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CrisisWatch

Tracking Conflict Worldwide

CrisisWatch is our global conflict tracker, a tool designed to help decision-makers prevent deadly violence by keeping them up-to-date with developments in over 70 conflicts and crises, identifying trends and alerting them to risks of escalation and opportunities to advance peace.

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April 2021

Africa

Burundi

Govt continued diplomatic offensive as part of effort to alleviate country’s isolation; clampdown on opposition and civil society persisted. Authorities 2 April lifted June 2019 ban on independent NGO PARCEM in apparent move to respond to EU’s demands for improvements in human rights and media freedom. Govt and EU 9 April held second round of negotiations on normalising relations, including lifting EU sanctions and resuming direct financial support; EU invited Burundian FM Albert Shingiro for European tour, which started 26 April. Amid rapprochement with Rwanda, govt 2 April welcomed Kigali’s late March decision to suspend three Burundian radio stations, which had been operating from Kigali since 2015 political crisis in Burundi, said move showed “dialogue [with country] was not in vain”. AU Peace and Security Council 27 April met to discuss possible shutdown of Human Rights Observers and Military Experts Mission in Burundi; decision expected early May. Meanwhile, authorities continued to harass opposition and civil society. In Rumonge province, authorities 11 April arrested opposition party Union for National Progress youth leader over accusations of hosting unauthorised gathering and 14 April arrested civilian for allegedly cooperating with rebel group. Authorities 13 April decried as biased U.S. State Dept’s annual report on human rights, published late March, which recorded at least 205 extrajudicial killings in Burundi in 2020 and highlighted “widespread impunity for govt and ruling party officials and for their supporters and proxies”. Main opposition party National Congress for Freedom (CNL) next day called on govt to release 15 CNL members who have been imprisoned for almost a year on accusations of threatening security around May 2020 general elections. Former Defence Minister Maj. Gen. Cyrille Ndayirukiye 24 April died in Gitega prison, where he was serving life sentence for allegedly playing central role in 2015 coup attempt. Authorities 26 April released first 3,000 of over 5,000 detainees who were granted presidential amnesty in March in bid to alleviate prison overcrowding.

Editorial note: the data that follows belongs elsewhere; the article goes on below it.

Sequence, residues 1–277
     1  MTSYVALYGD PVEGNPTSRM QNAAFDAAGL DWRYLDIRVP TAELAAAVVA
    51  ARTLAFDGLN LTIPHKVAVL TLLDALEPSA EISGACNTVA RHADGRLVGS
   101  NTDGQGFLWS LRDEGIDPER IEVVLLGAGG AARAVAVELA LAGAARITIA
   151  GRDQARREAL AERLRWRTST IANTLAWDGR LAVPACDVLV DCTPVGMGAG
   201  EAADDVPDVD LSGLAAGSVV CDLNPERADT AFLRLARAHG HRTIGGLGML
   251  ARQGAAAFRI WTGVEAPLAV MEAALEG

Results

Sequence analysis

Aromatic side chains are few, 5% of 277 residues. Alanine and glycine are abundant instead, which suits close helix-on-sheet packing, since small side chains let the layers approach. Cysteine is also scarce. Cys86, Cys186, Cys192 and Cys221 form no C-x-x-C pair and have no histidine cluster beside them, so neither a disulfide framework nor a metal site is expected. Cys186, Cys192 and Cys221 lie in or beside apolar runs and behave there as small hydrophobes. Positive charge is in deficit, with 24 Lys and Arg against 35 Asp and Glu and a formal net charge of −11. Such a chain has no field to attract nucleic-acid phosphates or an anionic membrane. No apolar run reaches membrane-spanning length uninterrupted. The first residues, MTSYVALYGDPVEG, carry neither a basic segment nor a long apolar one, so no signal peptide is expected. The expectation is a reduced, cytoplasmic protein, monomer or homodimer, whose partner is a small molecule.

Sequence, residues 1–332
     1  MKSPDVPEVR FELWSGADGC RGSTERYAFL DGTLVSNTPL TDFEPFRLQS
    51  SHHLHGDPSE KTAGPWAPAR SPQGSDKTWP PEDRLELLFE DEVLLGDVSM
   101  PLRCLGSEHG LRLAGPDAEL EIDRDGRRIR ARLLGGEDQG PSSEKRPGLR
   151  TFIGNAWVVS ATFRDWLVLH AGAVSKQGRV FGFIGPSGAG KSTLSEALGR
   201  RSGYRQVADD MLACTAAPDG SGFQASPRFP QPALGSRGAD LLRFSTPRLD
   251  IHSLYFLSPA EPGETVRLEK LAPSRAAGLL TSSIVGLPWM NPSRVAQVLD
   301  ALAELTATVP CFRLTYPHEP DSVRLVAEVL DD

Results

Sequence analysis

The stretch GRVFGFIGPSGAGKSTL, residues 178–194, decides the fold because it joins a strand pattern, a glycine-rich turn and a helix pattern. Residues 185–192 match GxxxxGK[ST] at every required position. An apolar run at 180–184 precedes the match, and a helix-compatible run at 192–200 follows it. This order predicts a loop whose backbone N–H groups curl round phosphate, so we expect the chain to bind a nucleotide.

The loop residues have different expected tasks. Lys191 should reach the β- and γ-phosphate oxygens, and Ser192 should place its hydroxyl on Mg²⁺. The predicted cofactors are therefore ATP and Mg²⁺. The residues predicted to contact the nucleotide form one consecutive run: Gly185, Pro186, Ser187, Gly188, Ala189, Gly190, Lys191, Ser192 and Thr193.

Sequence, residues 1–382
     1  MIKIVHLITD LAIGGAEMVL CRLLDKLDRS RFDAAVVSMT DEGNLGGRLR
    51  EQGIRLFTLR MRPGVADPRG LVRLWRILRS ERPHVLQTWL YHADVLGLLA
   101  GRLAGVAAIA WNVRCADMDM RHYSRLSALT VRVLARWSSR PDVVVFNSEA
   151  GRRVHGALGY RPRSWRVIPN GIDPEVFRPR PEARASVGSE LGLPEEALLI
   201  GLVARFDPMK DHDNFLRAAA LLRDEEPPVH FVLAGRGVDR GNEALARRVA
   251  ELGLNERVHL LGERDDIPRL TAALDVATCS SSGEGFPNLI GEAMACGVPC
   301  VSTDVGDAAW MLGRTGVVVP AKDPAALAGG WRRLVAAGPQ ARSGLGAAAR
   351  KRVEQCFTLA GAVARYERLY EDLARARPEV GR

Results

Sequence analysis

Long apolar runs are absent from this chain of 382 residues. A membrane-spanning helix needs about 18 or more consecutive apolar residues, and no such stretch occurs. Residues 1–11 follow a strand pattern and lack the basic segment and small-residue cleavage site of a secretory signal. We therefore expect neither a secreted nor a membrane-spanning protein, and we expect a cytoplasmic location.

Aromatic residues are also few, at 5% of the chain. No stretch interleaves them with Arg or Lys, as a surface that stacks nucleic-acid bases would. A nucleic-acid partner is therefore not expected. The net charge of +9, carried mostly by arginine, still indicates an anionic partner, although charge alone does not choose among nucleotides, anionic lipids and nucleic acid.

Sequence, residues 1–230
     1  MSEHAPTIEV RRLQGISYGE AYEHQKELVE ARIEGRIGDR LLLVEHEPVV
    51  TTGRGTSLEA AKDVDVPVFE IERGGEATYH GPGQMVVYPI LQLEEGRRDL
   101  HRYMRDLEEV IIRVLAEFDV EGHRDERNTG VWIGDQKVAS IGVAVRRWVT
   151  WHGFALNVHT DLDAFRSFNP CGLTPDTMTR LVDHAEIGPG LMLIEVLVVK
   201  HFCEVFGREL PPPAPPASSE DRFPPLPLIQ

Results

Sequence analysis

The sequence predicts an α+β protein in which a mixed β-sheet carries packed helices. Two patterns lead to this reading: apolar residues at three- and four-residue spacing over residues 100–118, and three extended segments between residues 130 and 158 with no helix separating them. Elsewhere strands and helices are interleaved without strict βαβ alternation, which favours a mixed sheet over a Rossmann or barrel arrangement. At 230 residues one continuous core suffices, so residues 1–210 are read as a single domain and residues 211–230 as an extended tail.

March 2021

Africa

Burundi